As a married gay man in New York raising an adopted son with my husband, and as the leader of a national LGBT organization, I am concerned that the current patchwork of sometimes insufficient marriage and adoption laws across the country discriminates against lesbian, gay, bisexual, transgender couples and our children. No family's security should be based on where it lives, and no child's security should hinge on the marital status of his or her parents.
A recent decision by a Brooklyn Surrogate's Court judge to deny a second-parent adoption to a lesbian couple underscores the fears. A second-parent adoption allows a person who does not have a biological connection to a child to become a legal parent without terminating the rights of the other legal parent. Judge Margarita López Torres' ruling is dangerous and should raise eyebrows of parents everywhere.
Because the couple is legally married, López Torres found that both women were already legal parents, and the request by the child's non-biological mother to adopt the child was "neither necessary nor available," and "no such action is warranted or permitted by this court to affirm an existing, recognized and protected parent-child relationship."
While I believe the judge had the best intentions, for same-sex couples -- even those who are married under the laws of their home state -- a second-parent adoption truly protects the parent-child relationship.
While marriage equality is rapidly gaining momentum -- now legal in 17 states and Washington, D.C., and recognized by the federal government -- same-sex couples with children, even those who are legally married, must be vigilant when traveling outside of their home states. What happens when a child has a medical emergency? Will both parents be permitted in the emergency room?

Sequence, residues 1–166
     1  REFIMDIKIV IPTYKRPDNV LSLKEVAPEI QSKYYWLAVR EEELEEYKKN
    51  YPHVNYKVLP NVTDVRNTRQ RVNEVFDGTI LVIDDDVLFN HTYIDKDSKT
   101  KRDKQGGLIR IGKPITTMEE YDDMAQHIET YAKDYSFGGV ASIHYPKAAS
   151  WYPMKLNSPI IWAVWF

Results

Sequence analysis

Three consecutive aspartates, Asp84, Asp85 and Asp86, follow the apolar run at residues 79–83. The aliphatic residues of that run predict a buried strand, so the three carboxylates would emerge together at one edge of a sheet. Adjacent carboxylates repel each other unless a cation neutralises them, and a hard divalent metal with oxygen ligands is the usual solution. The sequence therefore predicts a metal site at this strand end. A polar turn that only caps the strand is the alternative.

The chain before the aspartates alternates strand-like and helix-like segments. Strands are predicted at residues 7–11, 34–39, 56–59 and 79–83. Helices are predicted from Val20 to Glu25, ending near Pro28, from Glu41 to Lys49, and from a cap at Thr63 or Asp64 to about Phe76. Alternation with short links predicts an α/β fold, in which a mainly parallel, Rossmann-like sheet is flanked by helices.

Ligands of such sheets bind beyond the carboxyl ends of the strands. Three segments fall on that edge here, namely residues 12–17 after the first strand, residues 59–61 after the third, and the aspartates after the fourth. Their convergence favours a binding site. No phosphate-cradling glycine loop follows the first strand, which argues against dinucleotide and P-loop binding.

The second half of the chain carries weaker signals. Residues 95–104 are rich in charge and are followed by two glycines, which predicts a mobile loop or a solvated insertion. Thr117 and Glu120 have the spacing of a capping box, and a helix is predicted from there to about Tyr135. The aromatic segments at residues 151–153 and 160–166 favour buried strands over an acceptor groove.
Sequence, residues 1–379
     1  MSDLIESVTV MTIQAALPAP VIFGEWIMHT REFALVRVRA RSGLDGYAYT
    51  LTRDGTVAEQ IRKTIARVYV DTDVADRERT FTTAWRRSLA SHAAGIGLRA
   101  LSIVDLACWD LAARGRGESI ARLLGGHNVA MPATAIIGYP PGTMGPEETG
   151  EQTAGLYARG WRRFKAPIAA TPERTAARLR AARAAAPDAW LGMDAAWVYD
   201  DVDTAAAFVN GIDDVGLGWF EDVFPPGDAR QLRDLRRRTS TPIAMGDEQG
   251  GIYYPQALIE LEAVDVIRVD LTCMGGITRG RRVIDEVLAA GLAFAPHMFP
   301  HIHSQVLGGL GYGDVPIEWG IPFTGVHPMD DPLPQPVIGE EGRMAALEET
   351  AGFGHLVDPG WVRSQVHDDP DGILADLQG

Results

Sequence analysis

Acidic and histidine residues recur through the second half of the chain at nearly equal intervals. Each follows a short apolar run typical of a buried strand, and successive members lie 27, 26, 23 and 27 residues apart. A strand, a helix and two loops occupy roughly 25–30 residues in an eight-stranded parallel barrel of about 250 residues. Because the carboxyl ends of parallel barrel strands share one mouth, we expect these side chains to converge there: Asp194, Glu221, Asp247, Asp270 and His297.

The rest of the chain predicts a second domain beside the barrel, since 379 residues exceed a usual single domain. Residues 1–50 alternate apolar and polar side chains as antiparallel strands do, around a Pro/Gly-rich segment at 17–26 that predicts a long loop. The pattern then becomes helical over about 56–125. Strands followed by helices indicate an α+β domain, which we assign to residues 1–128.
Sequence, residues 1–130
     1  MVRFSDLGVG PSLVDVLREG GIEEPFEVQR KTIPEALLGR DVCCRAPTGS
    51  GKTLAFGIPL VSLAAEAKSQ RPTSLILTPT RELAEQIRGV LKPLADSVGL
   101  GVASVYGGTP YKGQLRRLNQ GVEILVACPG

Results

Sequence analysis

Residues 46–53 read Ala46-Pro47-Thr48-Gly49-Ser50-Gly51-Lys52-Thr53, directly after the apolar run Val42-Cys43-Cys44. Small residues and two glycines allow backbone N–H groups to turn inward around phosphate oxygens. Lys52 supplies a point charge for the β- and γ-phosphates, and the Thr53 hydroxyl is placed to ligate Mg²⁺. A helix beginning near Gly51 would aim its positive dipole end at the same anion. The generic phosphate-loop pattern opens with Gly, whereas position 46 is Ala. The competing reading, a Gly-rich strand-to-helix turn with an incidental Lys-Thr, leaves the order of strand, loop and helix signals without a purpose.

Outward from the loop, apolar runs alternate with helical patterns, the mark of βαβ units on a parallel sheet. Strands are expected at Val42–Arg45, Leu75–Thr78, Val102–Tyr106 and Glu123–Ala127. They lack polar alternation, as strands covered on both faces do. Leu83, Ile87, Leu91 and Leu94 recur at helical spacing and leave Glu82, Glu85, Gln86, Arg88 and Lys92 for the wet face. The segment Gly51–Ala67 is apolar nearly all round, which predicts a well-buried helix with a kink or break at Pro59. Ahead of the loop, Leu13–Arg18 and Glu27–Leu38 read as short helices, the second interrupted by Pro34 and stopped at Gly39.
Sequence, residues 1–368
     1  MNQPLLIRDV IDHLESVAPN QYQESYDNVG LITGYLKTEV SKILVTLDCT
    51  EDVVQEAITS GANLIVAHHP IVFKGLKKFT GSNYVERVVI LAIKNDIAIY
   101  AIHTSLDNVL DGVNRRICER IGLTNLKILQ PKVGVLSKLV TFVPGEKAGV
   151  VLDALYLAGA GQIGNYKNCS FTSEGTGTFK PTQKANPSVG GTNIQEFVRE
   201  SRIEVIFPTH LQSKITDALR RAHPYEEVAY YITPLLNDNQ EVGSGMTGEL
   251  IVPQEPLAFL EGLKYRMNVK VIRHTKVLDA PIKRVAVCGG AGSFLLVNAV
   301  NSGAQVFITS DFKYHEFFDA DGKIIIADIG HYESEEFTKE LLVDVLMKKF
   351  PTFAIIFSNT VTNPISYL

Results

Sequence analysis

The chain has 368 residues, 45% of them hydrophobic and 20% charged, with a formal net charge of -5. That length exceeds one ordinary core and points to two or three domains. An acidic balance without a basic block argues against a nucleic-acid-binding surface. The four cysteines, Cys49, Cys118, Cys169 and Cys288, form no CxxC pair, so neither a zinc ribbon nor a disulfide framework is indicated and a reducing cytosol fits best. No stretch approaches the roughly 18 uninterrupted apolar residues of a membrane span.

A second-parent adoption would give this Brooklyn family peace of mind when it leaves New York. Without the adoption, it faces uncertainty when visiting areas without protections -- areas that do not recognize marriages between same-sex couples. No family should live with this fear, and no child should live without the protection of his or her parents.
Unfortunately, millions of LGBT parents must confront such trepidation. Until laws protecting LGBT families are uniform across the nation, countless children will remain in legal limbo; and without necessary adoption protections, they're put at great risk.
This issue is popping up in several states, including Virginia, where a second-parent adoption bill was defeated last month. Virginia children being raised by same-sex couples essentially have only one legal parent under state law.
It's outrageous that LGBT families must encounter such roadblocks when we are simply trying to raise our children. Every child must be protected under the law, and adoption receives full faith and credit across state lines. If we want to put our children first, we cannot deny them the safety and security that only a second-parent adoption affords. We must recognize marriages in all 50 states, and we must establish a standard of unfettered access to second-parent adoption for same-sex couples regardless of whether or not the two parents are married. This is necessary to protect our children, and does not detract from other standards that may not be recognized across state lines.
As my husband, Dylan, and I continue our parenting journey, we are lucky that we are both recognized as his parents. But I can't help think of this Brooklyn couple and their child, who do not have that sense of security. Full equality is on its way, but we're not there yet, and until we are, we must have access to the legal protections available to us.
Gabriel Blau is executive director of Family Equality Council, a national advocacy group that supports parents who are lesbian, gay, bisexual and transgender.